- Open Access
First genetic report of Ixodes kashmiricus and associated Rickettsia sp.
Parasites & Vectors volume 15, Article number: 378 (2022)
Hard ticks (Ixodidae) are hematophagous ectoparasites that transmit various pathogens to a variety of hosts including humans. Transhumant herds have been involved in the spread of ticks and associated Rickettsia spp., and studies on this neglected topic have been unexplored in many regions including Pakistan. This study aimed to investigate ticks infesting transhumant herds of sheep (Ovis aries) and goats (Capra hircus) in district Shangla, Khyber Pakhtunkhwa, Pakistan.
Of the 144 examined animals, 112 hosts (68 sheep and 44 goats) of transhumant herds were infested by 419 ticks of different life stages including nymphs (105; 25%), males (58; 14%) and females (256; 61%). For molecular analyses, DNA was extracted from 64 collected ticks and subjected to PCR for the amplification of tick 16S rDNA and ITS2 partial sequences and for the amplification of rickettsial gltA and ompA gene sequences.
All tick specimens were identified as Ixodes kashmiricus based on morphological features. The obtained 16S rDNA and ITS2 sequences showed 95.7% and 95.3% identity, respectively, with Ixodes kazakstani reported from Kyrgyzstan. In the phylogenetic tree, the sequences clustered with members of the Ixodes ricinus species complex, including I. kazakstani and Ixodes apronophorus. Additionally, rickettsial gltA and ompA partial sequences were 99.7% identical to Rickettsia sp. endosymbiont of Ixodes spp. from Panama and Costa Rica and 99.2% with Rickettsia endosymbiont from the USA. Phylogenetically, the rickettsial gltA and ompA partial sequences from I. kashmiricus clustered with various haplotypes of Rickettsia endosymbiont, which were sister cladded to Rickettsia monacensis.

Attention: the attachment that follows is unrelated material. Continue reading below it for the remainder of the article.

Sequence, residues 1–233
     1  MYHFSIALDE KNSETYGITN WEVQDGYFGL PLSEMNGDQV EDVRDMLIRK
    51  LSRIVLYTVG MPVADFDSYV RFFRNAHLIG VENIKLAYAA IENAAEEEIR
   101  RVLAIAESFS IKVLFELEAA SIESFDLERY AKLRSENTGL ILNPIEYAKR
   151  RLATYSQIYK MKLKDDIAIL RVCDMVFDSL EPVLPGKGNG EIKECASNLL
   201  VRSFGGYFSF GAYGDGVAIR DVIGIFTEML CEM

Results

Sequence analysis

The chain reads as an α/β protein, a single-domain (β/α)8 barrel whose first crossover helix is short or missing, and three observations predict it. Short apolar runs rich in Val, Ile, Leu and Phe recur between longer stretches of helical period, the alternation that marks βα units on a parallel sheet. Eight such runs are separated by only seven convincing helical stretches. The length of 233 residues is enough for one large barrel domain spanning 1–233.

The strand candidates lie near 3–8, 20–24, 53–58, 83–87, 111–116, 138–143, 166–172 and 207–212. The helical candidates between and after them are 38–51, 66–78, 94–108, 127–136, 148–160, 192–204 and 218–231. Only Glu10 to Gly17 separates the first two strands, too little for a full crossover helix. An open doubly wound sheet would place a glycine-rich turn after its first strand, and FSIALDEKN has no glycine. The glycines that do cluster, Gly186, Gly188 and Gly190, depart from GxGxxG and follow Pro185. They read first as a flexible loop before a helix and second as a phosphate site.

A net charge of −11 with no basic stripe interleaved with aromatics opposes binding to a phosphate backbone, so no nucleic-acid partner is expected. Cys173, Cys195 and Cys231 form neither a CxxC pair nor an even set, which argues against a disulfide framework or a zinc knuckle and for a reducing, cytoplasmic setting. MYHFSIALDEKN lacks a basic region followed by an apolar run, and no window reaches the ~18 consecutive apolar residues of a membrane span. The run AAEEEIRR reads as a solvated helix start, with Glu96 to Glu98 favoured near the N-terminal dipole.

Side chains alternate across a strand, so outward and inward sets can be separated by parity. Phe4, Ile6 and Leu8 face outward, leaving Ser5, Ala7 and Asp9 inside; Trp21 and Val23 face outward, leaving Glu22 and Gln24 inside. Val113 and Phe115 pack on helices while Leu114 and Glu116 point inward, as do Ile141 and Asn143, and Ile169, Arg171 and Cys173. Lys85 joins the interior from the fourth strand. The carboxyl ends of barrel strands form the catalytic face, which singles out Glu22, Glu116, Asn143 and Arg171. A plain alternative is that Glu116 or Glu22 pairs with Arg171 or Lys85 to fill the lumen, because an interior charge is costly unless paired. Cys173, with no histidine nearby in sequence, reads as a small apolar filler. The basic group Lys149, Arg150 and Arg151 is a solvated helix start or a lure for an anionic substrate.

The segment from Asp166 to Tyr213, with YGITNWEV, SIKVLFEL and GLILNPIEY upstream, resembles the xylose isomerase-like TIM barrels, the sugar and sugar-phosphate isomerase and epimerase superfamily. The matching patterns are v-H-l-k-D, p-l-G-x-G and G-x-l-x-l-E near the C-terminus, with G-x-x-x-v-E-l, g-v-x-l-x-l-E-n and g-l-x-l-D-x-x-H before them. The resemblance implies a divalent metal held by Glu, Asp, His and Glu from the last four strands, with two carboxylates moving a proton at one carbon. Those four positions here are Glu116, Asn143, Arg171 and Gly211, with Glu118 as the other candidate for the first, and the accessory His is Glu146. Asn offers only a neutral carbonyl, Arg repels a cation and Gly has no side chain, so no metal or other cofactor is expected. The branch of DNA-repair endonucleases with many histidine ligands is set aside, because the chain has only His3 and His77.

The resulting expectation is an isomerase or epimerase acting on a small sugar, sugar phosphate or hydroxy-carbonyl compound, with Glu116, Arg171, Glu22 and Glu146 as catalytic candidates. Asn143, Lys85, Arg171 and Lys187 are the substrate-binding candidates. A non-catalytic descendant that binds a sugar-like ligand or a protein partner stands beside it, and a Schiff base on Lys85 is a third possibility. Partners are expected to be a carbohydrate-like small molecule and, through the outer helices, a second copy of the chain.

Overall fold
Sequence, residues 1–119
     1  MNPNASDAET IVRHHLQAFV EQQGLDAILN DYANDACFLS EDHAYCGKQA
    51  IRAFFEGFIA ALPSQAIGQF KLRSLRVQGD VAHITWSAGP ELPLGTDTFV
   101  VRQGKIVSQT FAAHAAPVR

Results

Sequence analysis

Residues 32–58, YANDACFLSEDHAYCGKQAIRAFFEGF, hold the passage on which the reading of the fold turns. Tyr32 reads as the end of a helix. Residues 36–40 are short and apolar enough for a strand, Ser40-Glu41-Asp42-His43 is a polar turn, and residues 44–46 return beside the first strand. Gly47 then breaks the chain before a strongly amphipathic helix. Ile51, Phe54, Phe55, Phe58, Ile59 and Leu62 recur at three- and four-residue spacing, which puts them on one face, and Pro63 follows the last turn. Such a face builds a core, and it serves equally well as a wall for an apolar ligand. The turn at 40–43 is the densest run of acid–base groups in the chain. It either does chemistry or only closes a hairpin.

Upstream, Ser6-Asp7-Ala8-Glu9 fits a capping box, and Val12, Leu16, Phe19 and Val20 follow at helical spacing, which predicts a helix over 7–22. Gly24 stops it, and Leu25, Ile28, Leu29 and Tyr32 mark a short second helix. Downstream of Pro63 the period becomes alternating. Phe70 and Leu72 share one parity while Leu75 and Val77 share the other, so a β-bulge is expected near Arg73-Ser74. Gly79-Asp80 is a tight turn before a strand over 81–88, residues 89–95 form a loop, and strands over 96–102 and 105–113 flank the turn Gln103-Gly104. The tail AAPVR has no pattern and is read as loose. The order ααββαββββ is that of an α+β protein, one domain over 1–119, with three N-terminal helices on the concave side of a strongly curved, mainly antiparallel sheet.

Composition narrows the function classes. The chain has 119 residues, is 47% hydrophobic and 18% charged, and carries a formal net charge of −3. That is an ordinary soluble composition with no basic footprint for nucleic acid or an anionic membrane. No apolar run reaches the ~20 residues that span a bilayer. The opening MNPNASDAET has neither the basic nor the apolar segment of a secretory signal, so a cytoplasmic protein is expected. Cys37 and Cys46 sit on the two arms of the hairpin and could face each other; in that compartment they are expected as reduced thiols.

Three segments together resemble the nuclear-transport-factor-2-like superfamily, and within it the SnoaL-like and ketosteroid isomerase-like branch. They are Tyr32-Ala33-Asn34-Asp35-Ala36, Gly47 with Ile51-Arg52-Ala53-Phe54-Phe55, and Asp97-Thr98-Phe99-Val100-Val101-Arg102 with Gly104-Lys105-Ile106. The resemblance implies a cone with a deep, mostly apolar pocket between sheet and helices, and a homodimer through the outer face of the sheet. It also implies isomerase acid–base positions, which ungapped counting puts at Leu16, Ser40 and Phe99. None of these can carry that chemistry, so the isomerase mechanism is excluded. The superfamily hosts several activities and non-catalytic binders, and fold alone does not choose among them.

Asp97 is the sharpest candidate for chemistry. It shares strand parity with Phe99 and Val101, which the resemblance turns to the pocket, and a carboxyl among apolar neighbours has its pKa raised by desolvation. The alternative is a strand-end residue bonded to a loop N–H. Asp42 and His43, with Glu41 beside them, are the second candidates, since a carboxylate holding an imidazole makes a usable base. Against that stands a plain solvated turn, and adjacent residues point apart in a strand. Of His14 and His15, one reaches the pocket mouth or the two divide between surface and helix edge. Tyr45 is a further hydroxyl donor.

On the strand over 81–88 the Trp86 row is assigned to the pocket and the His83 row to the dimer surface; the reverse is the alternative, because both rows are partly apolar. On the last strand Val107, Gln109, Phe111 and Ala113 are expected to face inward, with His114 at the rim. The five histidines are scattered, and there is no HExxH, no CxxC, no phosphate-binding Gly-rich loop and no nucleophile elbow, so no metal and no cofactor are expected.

This is the first genetic report of I. kashmiricus and associated Rickettsia sp. Large-scale tick surveillance studies across the country are needed to investigate Ixodes ticks and associated pathogens.
Hard ticks (Ixodida: Ixodidae) are hematophagous ectoparasites that adversely affect vertebrate hosts including amphibians, reptiles, birds and mammals, including humans [1,2,3,4]. Among ticks, several species spread and adopt to novel geographical regions with transhumant herds . Globally, 18 subgenera comprised of 255 Ixodes species have been described [4, 6, 7]. Among them, subgenus Ixodes have closely related species, such as Ixodes nipponensis, Ixodes kazakstani, Ixodes kashmiricus, Ixodes scapularis, Ixodes hyatti, Ixodes redikorzevi, Ixodes hymalayensis, Ixodes nuttallianus, Ixodes ricinus, Ixodes persulcatus, Ixodes pacificus, Ixodes pavlovskyi, Ixodes inopinatus, Ixodes minor and Ixodes granulatus, included in the I. ricinus species complex distributed mostly in the Oriental, Nearctic and Palearctic regions [4, 7,8,9,10,11]. Evolutionarily, Ixodes ticks are considered a more basal lineage of the Ixodidae family .
Ixodes ticks mainly infest small ruminants, rodents, birds, carnivores and humans in cold deciduous, mixed forests and vegetative regions where rainfall is abundant and relatively more humid (> 80% relative humidity) [1, 6,7,8,9,10,11,12,13,14,15]. Environmental fluctuations, such as low temperature at high latitudes have been considered to limit the spread of Ixodes ticks and to a certain extent become a severe threat to novel hosts [4, 5, 16, 17].